I didn’t lose anyone that day. I didn’t even know anyone in New York. It might not have been as devastating or as heart wrenching as losing a loved one, but we all lost a part of us that day regardless of where we were standing.
I remember that September morning like it happened just a few days ago. I was 10 years old only a couple of days away from my 11th birthday. We were late to school that morning so we didn’t get to watch T.V. while eating breakfast like we did most days. My mom was in a rush to get us out of the house and to school on time.
My brother and I went to different schools, he was in high school and I was in elementary, a new 6th grader. We had to leave no later then 7am every morning because we both had to be in class by 7:45. It took me a while to realize it, but I noticed there was no music on the radio after we got in the car and left the house that morning.
My mother and brother were also strangely silent the entire way while we listened to the news reports. There was no ‘morning show banter’ like we usually heard in the mornings. They talked about airplanes that were ‘hijacked’ and possible ‘terrorists.’ Words I don’t ever recall hearing in my life up until that point. I didn’t understand what was going on.
We dropped my brother off at school and I noticed my mother was more incessant that day when she told him to be careful at school. On the way over to my school I tried asking my mom what was going on, but she couldn’t seem to tell me. I thought at the time that she was probably just as confused as I was, but now that I look back I think she was just at a loss, she didn’t know how to tell me what was going on, that there was a possibility that thousands had just lost their lives.
We were nearing my school when the radio announcer exclaimed “Its falling! The second tower is falling! The towers are gone!” It was around 7:30 at this point in california… it was 10:30 in New York.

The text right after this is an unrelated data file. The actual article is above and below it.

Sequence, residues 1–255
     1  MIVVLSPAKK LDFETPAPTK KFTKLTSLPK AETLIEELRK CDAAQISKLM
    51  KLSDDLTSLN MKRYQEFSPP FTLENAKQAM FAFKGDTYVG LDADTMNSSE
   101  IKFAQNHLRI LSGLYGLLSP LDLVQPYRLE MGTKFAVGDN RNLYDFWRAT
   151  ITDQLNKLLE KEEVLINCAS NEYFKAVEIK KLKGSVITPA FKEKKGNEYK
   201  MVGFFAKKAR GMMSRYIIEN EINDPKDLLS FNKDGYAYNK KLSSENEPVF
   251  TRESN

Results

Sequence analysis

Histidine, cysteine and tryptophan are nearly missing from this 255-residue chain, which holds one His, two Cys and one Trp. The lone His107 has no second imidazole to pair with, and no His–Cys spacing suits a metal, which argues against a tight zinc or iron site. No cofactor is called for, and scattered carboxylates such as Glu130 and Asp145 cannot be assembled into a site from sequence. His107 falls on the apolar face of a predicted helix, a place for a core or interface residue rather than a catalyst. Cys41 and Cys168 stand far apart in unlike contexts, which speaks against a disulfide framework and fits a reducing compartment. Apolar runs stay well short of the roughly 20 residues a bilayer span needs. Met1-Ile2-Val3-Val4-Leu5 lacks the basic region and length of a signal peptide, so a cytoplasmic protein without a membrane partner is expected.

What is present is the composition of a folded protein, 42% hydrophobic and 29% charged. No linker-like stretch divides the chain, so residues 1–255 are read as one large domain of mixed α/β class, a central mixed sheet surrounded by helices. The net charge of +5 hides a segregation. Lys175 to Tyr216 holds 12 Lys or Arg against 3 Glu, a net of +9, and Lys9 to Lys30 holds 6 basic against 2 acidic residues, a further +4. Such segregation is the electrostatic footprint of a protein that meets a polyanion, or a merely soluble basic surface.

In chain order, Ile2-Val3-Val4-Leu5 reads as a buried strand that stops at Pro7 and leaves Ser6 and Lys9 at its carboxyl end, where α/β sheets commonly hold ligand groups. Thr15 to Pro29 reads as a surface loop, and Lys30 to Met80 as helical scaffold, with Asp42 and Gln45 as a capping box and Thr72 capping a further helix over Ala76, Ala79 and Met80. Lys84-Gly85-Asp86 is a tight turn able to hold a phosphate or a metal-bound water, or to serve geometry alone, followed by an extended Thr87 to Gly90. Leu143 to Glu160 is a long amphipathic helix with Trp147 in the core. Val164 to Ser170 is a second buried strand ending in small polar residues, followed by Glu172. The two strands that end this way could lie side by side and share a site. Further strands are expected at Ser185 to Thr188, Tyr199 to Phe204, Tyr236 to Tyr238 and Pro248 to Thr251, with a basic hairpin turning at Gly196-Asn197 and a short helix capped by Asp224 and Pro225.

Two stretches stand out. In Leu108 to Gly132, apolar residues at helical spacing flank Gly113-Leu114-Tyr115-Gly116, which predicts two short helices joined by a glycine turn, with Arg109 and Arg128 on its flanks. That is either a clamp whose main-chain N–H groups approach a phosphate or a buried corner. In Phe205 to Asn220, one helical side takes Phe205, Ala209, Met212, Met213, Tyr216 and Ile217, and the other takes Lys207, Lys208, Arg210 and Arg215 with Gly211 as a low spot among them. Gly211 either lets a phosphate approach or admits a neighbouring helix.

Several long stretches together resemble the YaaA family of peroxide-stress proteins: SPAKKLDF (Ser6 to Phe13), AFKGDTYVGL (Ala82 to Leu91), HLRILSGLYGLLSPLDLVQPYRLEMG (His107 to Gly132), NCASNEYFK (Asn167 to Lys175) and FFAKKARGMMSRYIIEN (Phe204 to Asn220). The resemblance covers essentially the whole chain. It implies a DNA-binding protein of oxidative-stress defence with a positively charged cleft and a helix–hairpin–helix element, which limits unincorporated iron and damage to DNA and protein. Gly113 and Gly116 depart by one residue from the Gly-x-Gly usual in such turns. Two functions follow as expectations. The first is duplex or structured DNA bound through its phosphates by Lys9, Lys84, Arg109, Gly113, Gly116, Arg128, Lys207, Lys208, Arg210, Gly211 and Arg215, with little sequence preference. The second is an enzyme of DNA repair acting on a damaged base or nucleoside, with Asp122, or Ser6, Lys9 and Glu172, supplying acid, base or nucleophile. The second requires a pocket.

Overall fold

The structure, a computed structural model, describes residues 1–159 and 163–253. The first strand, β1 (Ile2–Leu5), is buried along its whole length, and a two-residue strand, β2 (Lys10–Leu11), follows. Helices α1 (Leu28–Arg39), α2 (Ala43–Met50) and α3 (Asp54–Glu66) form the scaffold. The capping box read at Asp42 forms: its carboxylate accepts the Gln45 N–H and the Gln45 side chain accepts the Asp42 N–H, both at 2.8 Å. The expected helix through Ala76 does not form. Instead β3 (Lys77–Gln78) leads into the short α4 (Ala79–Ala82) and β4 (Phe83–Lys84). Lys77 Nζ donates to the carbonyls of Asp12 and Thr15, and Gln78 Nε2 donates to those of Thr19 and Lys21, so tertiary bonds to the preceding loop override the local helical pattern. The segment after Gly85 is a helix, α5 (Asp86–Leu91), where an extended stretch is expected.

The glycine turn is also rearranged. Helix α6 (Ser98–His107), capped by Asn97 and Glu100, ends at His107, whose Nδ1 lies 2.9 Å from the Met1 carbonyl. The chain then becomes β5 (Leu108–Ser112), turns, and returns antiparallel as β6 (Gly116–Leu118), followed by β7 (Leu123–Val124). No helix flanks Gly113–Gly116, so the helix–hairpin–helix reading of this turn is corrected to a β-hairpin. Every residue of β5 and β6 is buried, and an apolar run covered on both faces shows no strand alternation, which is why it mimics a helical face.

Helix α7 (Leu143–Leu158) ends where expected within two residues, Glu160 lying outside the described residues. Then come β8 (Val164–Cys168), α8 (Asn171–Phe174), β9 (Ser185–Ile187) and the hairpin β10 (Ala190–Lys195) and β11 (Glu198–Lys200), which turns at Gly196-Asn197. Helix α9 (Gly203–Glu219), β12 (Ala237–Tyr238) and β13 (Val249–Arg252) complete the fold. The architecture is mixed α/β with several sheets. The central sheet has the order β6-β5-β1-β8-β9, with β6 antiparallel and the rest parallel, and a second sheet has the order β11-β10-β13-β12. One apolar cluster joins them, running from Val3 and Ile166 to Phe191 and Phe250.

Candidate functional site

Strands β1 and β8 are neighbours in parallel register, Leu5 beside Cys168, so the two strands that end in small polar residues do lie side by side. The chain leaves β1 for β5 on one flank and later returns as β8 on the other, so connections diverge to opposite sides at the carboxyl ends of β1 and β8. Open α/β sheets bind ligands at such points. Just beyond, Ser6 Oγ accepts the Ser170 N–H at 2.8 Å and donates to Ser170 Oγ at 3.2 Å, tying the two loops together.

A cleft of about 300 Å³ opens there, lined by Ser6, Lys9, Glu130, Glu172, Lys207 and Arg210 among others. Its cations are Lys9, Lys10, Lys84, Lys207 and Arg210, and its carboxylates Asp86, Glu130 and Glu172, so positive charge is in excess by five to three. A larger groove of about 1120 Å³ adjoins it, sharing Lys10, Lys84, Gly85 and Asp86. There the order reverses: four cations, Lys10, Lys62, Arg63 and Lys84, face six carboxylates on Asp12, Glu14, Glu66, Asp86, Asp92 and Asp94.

I arrived at school just minutes after that, my teacher had the tv’s on when i got into class. For the first hour of the day we watched as the planes hit, and as the towers fell, as people ran and the news casters held back tears over and over. As we saw a clip play of the first plane hitting the tower, I realized I had just watch hundreds of people die with that impact.
After that we had an unscheduled class lesson. Not only did my teacher find herself responsible for telling a group of 10 and 11 year old kids about islam and the muslim culture, but also about how a small group of this culture was probably responsible for all these deaths. While nothing was certain at the time it was the only other explanation we were given. We learned that this group didn’t represent the entire culture but there was enough of them to cause all this pain.
I learned about hate that day, that it really existed. That there were people in the world who disliked us. As a little 10 year old girl, it was crushing. I couldn’t understand why someone would hate us, why someone would do this to us. How killing so many people could ever be justified.
I didn’t think that these kind of things really happened, this was supposed to be reserved for movies and wars that were now long past and in history books. Me and those kids in that class, and in classrooms all around the country, were all forced to grow up more then we should have that day. We learned the cruelties of the world before we were ready, and with such violent force. I remember everyone being so afraid for months afterwards. No one wanted to leave their homes for long, and I made my mom cancel my 11th birthday party.
But what I remember the most, were the days afterwards. Seeing all the volunteers helping, all the people traveling across country to lend a hand. The people gathering at ground zero to help any way that they could. Helping rescuers, giving them aid and food when they needed a break from their harried searching. The way the country came together is what stays with me the most. I still have a small photograph I got at my school library of the lights, the beacons shining forever into the sky where the towers proudly stood, filling the void. I’ll never forget. We’ll never forget that day.